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November 20, 2014

Good Money Week

Good MoneyIn a recent YouGov poll, commissioned by the UK Sustainable Investment and Finance Association (UKSIF), 53% of the respondents said they wanted to know more about government spending on energy infrastructure and 46% wanted to know about climate change initiatives. 4 out of 5 also said that they did not think that ethical finance options were easy to find. This information suggests that, although people are interested in environmental issues and how they are funded, they do not know how to go about investing in them. The UKSIF created Good Money Week to tackle this problem.

Originally, it was called National Ethical Investment Week, when it was started back in 2008, and its aim was to raise awareness of sustainable, responsible and ethical financial options. The initiatives it wants to guide people towards support clean energy, sustainable agriculture, communities, water supplies, education and employment, healthcare and retirement plans. Last year 470 financial advisers were involved and they held 55 events in 30 towns and cities across the UK.

This year, the events included lectures, talks and webinars with speakers such as:

  • A former Bishop of Worcester
  • The founder of Positive Money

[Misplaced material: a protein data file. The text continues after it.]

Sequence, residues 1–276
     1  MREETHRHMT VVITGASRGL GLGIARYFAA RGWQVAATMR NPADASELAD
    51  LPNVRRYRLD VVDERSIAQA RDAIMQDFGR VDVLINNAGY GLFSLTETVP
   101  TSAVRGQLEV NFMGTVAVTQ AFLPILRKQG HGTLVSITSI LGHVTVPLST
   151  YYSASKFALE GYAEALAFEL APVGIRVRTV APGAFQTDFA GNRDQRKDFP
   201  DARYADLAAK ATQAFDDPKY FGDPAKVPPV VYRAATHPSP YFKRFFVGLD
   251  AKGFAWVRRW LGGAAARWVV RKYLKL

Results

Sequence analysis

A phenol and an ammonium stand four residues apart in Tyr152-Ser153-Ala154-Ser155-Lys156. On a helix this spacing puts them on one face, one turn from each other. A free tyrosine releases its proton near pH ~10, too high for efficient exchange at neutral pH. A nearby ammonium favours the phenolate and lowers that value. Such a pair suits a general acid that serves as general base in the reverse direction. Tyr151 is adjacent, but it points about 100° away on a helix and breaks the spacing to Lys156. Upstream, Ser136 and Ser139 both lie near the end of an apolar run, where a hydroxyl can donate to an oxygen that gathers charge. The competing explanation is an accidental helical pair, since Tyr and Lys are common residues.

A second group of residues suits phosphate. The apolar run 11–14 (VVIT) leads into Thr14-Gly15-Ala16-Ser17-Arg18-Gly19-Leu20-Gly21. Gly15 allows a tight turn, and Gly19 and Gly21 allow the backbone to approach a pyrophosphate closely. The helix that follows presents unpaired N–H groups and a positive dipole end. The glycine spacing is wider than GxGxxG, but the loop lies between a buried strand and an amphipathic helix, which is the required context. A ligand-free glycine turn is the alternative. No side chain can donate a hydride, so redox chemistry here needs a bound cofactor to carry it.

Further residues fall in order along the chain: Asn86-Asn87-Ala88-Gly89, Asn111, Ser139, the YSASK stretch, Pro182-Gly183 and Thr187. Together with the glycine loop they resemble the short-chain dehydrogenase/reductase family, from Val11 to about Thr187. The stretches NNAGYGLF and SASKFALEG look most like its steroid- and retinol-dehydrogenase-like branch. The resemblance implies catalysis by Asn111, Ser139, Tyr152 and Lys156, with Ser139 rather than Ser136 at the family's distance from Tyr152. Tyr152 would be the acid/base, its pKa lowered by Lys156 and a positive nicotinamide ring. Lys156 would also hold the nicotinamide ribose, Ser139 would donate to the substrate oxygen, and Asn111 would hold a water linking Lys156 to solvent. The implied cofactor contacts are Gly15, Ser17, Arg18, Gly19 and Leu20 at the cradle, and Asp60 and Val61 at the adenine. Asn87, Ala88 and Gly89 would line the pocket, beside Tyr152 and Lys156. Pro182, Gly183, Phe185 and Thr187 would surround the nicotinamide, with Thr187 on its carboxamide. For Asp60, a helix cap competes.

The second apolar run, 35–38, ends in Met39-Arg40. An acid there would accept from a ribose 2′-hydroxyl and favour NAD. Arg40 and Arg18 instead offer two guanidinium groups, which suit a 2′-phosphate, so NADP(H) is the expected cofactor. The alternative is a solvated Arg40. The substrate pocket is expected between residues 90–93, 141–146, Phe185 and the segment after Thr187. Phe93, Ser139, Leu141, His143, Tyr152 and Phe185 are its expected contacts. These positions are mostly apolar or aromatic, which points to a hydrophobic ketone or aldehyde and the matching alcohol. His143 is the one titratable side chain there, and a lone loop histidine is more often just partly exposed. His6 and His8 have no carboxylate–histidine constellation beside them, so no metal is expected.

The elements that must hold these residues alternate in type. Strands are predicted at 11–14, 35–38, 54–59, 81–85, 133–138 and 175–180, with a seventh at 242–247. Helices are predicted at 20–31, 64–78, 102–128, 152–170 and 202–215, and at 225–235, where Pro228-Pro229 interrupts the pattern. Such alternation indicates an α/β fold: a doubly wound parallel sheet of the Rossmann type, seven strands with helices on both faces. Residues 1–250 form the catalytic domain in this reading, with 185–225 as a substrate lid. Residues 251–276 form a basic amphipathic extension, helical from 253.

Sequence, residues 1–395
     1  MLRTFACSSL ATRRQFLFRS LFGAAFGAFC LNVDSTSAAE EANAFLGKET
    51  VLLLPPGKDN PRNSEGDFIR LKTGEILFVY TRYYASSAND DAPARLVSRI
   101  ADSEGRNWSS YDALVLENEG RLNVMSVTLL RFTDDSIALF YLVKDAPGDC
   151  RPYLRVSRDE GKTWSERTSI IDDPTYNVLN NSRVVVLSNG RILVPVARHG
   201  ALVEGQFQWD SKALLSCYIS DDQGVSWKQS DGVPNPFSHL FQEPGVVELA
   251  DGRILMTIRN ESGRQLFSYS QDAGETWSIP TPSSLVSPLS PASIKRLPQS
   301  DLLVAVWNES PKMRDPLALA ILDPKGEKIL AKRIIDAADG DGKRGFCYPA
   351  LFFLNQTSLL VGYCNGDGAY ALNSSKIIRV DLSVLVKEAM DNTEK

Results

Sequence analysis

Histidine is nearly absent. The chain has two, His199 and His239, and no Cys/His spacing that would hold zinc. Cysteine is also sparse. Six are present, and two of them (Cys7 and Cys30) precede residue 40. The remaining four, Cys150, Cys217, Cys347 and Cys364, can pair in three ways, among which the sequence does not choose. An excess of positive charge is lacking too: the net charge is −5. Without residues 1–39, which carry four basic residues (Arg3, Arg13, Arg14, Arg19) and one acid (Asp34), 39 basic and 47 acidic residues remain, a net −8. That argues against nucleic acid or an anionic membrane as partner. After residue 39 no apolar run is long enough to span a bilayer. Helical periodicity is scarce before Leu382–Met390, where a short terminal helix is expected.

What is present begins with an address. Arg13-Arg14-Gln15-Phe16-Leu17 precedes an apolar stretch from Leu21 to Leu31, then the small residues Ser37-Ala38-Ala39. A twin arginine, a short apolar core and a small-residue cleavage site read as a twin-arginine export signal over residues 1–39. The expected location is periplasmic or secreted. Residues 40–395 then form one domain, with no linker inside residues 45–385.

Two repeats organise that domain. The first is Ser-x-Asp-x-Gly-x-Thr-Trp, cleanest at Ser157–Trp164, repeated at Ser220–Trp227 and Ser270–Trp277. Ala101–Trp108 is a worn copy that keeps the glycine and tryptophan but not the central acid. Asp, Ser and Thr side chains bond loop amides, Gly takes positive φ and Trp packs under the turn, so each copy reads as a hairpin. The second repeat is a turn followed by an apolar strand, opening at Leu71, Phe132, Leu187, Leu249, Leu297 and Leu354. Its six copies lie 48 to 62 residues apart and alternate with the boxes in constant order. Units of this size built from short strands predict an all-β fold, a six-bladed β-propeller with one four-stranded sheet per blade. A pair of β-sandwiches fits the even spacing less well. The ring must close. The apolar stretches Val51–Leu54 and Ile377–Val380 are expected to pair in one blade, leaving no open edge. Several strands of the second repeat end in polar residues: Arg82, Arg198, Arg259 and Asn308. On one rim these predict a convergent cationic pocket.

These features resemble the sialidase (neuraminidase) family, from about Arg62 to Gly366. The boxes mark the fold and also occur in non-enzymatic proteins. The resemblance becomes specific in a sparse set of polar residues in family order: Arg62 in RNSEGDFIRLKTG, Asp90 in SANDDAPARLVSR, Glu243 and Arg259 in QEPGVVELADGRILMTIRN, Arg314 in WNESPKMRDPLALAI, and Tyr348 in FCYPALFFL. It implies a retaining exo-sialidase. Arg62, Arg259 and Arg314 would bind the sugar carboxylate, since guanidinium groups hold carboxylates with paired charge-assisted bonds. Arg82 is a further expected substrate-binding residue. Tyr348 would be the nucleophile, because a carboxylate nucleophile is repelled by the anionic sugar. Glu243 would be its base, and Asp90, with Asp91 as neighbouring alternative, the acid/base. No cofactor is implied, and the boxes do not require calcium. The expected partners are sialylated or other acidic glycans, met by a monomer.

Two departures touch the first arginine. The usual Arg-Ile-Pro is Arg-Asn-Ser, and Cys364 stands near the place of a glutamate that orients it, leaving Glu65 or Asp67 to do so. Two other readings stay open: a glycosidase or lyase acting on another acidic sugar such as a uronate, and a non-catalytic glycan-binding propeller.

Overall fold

• The CEO of Somerset Capital Management LLP
  • Founder and Editor-in-Chief of Blue and Green Tomorrow magazine
  • Masters of Architecture students from Sheffield University

These and many more gave their advice live or over the internet throughout the week all around the country.

In addition to attending events, supporters of the campaign were encouraged to get involved by emailing their local MP to ask them to support the cause, tweet their bank about where their money is being invested and share infographics about the issues on Twitter and/or Facebook.

Examples of the kinds of schemes ethical financing supports are provided in the form of case studies on the website. One scheme is called Anafon Hydro. It is a hydro-electricity generating business supported by the people of Abergwyngregyn, a small village in Wales. To receive funding for this project, they will offer share options which conscientious investors can buy.

Another example is a young couple in Devon took out a mortgage from ethical bank, Triodos, to buy an eco-friendly camp site comprising space for tents, a bunkhouse, 3 yurts and a cafe.

Encouraging these types of developments is exactly what Good Money Week is about as well as providing expert advice on investments that provide good returns but also support good causes.

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